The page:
Last Friday I had my annual flex sigmoidoscopy to take a look at my J-pouch. After a whole year of doing fantastic and feeling great I went into this appointment a little nervous but very confident. So after two hours of waiting (no fault of my doctor’s but still very annoying) my nerves kept building. Throughout the exam everything was looking great, until the very end when my doctor found a small piece toward the top of the pouch that was a little inflamed with a small ulcer. One ulcer. Upon seeing that my mind started racing and I started freaking out inside but remained calm so my doctor wouldn’t think I was a crazy person. After he took a biopsy and I got my pants back on, I asked him “what could it be?”, “is it Crohn’s?”, “when will the results be back?” After giving me a smile and trying to calm me down a bit he told me that he didn’t know what it was, it could possibly be Crohn’s but he didn’t think so and not to worry (REALLY?!), and that the biopsy results should be back within a week or two.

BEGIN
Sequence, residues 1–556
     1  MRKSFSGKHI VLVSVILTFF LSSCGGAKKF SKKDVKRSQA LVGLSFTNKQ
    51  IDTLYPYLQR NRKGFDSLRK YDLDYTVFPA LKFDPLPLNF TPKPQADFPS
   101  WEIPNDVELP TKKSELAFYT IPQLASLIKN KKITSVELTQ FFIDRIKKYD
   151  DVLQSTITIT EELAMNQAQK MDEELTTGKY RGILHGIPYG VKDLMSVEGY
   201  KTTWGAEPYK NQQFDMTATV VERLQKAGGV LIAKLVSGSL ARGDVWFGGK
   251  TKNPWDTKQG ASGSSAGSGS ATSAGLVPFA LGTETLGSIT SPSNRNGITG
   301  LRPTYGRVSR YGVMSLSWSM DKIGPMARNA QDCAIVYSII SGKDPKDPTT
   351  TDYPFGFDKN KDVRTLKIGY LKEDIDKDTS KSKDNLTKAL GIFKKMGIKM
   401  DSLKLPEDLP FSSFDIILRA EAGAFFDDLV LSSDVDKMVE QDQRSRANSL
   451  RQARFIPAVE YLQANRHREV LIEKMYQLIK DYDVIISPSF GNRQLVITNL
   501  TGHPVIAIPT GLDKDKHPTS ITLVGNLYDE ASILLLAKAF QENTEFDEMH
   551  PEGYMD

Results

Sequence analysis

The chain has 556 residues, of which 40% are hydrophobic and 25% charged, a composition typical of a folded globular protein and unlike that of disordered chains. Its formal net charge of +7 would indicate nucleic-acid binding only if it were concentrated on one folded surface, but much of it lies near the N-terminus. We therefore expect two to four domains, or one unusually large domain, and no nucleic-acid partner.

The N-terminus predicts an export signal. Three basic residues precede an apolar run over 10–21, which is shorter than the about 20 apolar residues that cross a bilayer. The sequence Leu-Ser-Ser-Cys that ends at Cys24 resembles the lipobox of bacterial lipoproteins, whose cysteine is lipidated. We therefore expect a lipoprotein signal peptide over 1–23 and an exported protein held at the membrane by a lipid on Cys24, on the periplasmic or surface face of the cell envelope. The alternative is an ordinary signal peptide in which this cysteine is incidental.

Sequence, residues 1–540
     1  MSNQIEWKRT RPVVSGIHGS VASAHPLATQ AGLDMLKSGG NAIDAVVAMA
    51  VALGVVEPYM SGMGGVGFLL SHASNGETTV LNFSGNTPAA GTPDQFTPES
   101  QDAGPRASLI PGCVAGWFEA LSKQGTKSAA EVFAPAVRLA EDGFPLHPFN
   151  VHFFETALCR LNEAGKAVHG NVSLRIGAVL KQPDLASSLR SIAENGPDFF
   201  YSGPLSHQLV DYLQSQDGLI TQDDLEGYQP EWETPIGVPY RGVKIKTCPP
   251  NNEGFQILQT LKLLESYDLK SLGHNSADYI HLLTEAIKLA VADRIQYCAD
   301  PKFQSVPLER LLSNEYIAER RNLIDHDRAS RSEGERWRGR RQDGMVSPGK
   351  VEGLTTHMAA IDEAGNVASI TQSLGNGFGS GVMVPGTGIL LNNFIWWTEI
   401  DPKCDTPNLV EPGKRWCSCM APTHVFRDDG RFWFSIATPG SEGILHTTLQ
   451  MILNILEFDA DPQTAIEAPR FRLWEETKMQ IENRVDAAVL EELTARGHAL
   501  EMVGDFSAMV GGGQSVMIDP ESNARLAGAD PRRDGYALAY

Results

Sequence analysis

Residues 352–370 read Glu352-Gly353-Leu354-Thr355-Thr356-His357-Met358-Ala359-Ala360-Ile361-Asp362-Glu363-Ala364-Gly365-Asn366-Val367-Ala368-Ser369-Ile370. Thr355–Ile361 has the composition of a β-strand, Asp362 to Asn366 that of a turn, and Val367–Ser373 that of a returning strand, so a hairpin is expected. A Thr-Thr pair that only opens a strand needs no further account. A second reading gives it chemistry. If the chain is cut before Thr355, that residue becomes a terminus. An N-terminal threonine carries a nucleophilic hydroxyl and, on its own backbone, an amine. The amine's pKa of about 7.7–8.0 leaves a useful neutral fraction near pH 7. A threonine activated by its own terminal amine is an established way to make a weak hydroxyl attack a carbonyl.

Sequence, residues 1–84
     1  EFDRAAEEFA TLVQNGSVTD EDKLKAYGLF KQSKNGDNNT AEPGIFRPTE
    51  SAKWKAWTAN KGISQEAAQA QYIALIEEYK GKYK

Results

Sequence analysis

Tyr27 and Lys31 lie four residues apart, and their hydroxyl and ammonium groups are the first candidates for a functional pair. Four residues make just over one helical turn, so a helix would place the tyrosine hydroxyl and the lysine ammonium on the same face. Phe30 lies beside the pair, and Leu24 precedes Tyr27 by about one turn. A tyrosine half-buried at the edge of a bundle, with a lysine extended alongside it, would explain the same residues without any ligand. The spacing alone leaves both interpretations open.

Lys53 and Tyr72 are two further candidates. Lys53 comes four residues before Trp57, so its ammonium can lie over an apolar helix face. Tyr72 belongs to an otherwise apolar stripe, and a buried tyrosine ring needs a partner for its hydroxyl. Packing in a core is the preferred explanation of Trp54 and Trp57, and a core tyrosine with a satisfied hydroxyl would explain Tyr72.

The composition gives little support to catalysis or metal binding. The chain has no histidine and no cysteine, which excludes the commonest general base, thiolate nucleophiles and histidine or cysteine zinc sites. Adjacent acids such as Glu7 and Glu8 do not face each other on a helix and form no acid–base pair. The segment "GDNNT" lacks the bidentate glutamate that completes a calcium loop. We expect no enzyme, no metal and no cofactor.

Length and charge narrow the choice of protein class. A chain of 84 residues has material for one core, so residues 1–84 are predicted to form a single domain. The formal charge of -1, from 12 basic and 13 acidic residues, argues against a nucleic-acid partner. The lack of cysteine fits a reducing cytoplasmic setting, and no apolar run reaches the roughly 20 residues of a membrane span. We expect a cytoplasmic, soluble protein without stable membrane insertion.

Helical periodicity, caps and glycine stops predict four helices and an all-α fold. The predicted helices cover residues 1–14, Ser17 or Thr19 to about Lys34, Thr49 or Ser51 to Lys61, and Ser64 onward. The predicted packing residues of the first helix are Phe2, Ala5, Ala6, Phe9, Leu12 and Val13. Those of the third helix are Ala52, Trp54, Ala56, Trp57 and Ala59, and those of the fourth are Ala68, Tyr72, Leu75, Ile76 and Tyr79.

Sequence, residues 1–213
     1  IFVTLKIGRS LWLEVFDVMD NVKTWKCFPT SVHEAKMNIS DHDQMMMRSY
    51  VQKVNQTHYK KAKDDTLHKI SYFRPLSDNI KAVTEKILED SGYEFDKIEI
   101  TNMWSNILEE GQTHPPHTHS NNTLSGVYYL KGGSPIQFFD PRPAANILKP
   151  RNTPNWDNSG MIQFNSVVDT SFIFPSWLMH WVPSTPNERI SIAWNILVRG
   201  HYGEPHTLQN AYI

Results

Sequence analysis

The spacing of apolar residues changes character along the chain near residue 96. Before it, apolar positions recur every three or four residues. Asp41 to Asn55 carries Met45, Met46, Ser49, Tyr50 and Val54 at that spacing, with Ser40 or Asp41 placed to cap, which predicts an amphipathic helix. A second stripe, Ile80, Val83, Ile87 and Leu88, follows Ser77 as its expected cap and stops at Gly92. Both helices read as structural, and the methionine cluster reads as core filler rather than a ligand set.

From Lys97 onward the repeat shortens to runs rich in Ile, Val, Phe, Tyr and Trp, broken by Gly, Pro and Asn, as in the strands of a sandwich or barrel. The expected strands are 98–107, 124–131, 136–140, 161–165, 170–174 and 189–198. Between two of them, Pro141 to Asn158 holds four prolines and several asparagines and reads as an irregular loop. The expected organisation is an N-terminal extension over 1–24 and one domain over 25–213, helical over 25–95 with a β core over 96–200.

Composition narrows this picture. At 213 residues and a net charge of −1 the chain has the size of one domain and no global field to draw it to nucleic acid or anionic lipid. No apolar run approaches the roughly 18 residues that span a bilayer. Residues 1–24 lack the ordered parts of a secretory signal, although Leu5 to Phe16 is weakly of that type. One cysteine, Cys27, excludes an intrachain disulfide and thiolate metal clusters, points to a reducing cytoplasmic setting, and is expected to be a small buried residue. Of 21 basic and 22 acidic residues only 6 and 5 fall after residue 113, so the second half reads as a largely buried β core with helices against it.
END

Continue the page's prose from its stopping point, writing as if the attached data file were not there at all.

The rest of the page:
So since Friday morning I’ve been able to think of nothing else. I’m trying to remain positive, but having that camera up my butt again and seeing an ulcer again has really played mind games with me. It’s brought back that whole flood of emotions that I felt when I was sick with UC and while I was going through my surgeries. The thing I’ve realized is that those emotions and these experiences will never go away. Even if the results come back and it’s not Crohn’s , this is something I’m going to have to go through every year when I have that exam. The nerves beforehand and the praying to God that nothing shows up during the exam. So it makes me think. For those of us who have had J-pouch surgery as a “cure” for UC, is it really a cure? Possibly it is a cure for the actual physical ulcerative colitis (although not always for those who find out after that they really had Crohn’s all along, or the small percentage who have complications after the surgeries). But emotionally, having these surgeries is definitely not a complete cure. It is something that will always be with us. Those emotions, those memories, that fear. I’m not saying I wouldn’t have had the surgeries. Not that I had a choice, but if I had, I still would choose to have them and I would still recommend them to anyone. They saved my life and gave me a better quality of life. For that I’m definitely grateful. I guess I’ve just realized that for most people it doesn’t end once the surgeries are over. It’s a process. Which is why I think it is so important to take care of yourself both physically and psychologically, during the illness as well as after. I think it’s also the reason I’m so passionate about counseling people with IBD…because I GET IT. And you can’t get all the emotions and fears unless you’ve been through it. So for now, I’m going to do some of the things I tell my clients to do…try and remain positive, deal with my emotions, and since I’m feeling good, enjoy life…and pray that the ulcer is nothing.